The shoe repairman works behind the married shoes, his whole hand inside the boot he's shining, everything cozy in the glass displays, laces paired on gravel he's spread out in the window, shoes placed as though they're walking, and beside them propped up, the wooden tongues of shoe horns, poised to serve the inanimate world ... He comes out mildly attentive, soft accent, possibly a Scottish childhood, possibly sheep to tend ... Clear day, first summer divorced in Berkeley, a time of seamless, indescribable grief; he waits kindly in his blue apron, fingering the well-worn inner sole, and I am grateful for those who serve us knowing nothing of our lives ... * The cleaner waits behind the silver bell; he's from Cambodia and has free Christian literature on the counter. He greets me with pleasant chatter, searches through the coats, some left for years, he says; they make a soft blue whistle as they circulate on the ovals like the ones under those automatic boats. As the clothes pass, little checks and prints under the whooshing of motion, I see my husband's coat— how long will I call him my husband—like an old friend passing by quickly not bothering to greet me. Odd now, I don't have to pick it up, the serious plaid will go around between the women's suits and stay all night. . . * I watch the young butcher flipping over the young chicken: he takes one wing and sort of spins it, first on its back, flinging the trimmed, watery lemon-colored fat into the trash, then before he starts on the legs he puts his hand so deeply in that the finger comes out the neck ... The other butcher sets the slab of beef under the saw: the riveting intricate swirl as the dead flesh pulls away; he goes off, shouts short words from the deep freeze— to me or to the carcass hanging by the shank?— I can wait, but the spaces can't, there's a slight ticking, then the carcass swings and swings ... Somehow I thought we would know everything through the flesh. Perhaps. But my days have become spirit. The young butcher splits the chicken down the back, seems to enjoy the crack of the knife as it enters the bone, so I try to. Housewives lean against the cool glass to convey holiday news and he responds without really looking up; I love that. * oh Berkeley summer mornings, aren't they— what? past the French Hotel, the glint of tiny spoons so briefly and soberly allowed to rest on white saucers, the plums just about over, the agapanthus—"lilies of denial"— in the center dividers, blooming, or just about to— like me, hearty and hesitant, not wanting to write it, not wanting to ruin the perfection of the poem by writing it . . . At the dentist, the little mirror, the dinosaur prong is put into the mouth. Mouth: the first darkness. Nearby: the mobile with straw eyeless fishes. The dentist will go home to her family, having briefly reached inside the visible mystery and found nothing ... I imagine Wisdom in the text is like this, creating the cosmos from the mind of God, looking interested and competent; she touches the physical place with her prong, and the pain shines ... (—a man told me I better think about my ‘system.' Oh dear! I better think about my ‘system'—!)
Often visitors there, saddened by lack of trees, go out to a promontory. Then, backed by the banded sunset, the trail of the Conquistadores, the father puts on the camera, the leather albatross, and has the children imitate saguaros. One at a time they stand there smiling, fingers up like the tines of a fork while the stately saguaro goes on being entered by wrens, diseases, and sunlight. The mother sits on a rock, arms folded across her breasts. To her the cactus looks scared, its needles like hair in cartoons. With its arms in preacher or waltz position, it gives the impression of great effort in every direction, like the mother. Thousands of these gray-green cacti cross the valley: nature repeating itself, children repeating nature, father repeating children and mother watching. Later, the children think the cactus was moral, had something to teach them, some survival technique or just regular beauty. But what else could it do? The only protection against death was to love solitude.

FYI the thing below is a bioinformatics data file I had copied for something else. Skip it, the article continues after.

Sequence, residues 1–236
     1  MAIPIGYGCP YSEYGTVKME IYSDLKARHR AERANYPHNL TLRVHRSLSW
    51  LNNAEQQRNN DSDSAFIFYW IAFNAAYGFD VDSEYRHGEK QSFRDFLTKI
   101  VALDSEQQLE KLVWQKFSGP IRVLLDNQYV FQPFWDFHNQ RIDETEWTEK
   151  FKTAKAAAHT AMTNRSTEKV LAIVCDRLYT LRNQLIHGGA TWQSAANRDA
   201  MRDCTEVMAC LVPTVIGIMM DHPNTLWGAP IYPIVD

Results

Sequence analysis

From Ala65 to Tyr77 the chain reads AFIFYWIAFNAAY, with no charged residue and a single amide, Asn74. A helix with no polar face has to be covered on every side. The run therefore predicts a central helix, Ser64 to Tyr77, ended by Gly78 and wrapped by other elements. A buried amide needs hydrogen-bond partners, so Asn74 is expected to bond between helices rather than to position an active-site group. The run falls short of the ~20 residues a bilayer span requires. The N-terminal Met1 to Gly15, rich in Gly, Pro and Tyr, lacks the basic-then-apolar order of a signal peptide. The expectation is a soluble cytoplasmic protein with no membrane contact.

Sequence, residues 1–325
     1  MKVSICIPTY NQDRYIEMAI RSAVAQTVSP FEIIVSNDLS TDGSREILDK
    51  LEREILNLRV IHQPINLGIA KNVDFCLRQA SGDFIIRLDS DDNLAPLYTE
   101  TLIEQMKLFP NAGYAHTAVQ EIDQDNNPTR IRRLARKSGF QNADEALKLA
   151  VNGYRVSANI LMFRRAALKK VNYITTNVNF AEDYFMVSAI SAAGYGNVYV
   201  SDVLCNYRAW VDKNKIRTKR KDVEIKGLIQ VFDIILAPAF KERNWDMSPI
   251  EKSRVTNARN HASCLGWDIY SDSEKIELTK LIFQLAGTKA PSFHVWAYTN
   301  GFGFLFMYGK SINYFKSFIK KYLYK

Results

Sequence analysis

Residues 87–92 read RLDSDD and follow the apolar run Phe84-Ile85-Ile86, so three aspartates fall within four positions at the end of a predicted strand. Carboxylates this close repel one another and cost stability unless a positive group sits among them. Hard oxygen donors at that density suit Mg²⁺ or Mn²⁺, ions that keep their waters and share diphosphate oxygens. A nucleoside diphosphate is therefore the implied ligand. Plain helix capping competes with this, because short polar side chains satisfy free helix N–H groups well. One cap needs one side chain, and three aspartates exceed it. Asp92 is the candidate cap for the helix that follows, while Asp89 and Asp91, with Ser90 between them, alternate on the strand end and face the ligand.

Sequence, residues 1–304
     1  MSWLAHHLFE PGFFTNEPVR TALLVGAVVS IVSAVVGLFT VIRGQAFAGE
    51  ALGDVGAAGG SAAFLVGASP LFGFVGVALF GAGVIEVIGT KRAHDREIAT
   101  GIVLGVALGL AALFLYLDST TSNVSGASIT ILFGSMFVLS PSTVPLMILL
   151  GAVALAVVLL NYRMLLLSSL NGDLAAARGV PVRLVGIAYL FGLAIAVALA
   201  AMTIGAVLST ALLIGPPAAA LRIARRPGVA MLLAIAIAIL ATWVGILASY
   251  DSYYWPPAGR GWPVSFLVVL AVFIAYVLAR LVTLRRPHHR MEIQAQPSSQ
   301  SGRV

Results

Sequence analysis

The labeled bins on the California hillside catch the glint and quarter-glint of passing cars. Families pull up with their interesting trash and start unloading: Here, sweetheart, this goes over in Newspaper. The bundle hits with a thud. Diet soda cans spin almost noiselessly down, and the sun- permitting bottles from a day's pleasure are tossed into Mixed Glass by the children who like to hear the smash, unknowable, chaotic, as matter greets itself and starts to change. What mystery is inside a thing! If we peered into the bin, we could see it waiting there, could believe everything is alive and specific and personal, could tell by the tilt of one bottle against the next that it's difficult to be singular, to have identity, to keep an outline safe in the terrors of space. Even the child knows this. Bye, bottle! she shouts, tossing it in; and the bottle lies there in the two o'clock position, temporarily itself, before being swept into the destiny of mixture. . . And what if some don't want to. What if some items in the piles of paper, the orange and blue envelopes from a magazine sweepstakes, numbers pressing through the cloudy windows with our names, some among those pale sheets curled with moisture, would rather stay as they are. It's spring; we've thrown away mistakes— tax forms, recipes, tennis-ball-sized drafts of poems—that which was blank shall be made blank again—but what if that failed letter wants to be a failure, not go back to pulp, and thought .. . Or across the parking lot, where light insists on changing the dull cans, a few cans don't want to be changed, though they should want to, shouldn't they, should want to be changed by light, light which is called sweet reason, honeyed, spectra, magnitude, light that goes from the parking lot looking helpless though it is matter that has been betrayed. . . All afternoon the bins are carried off by those who know about where things should go, who are used to the clatter the cans make, pouring out; and the families, who believed change would heal them are pulling away in their vans, slightly embarrassed by that which refused . . . The bins fill again with hard substances, the hills bear down with their fugitive gold, the pampas grass bending low to protect what was briefly certain and alive with hope.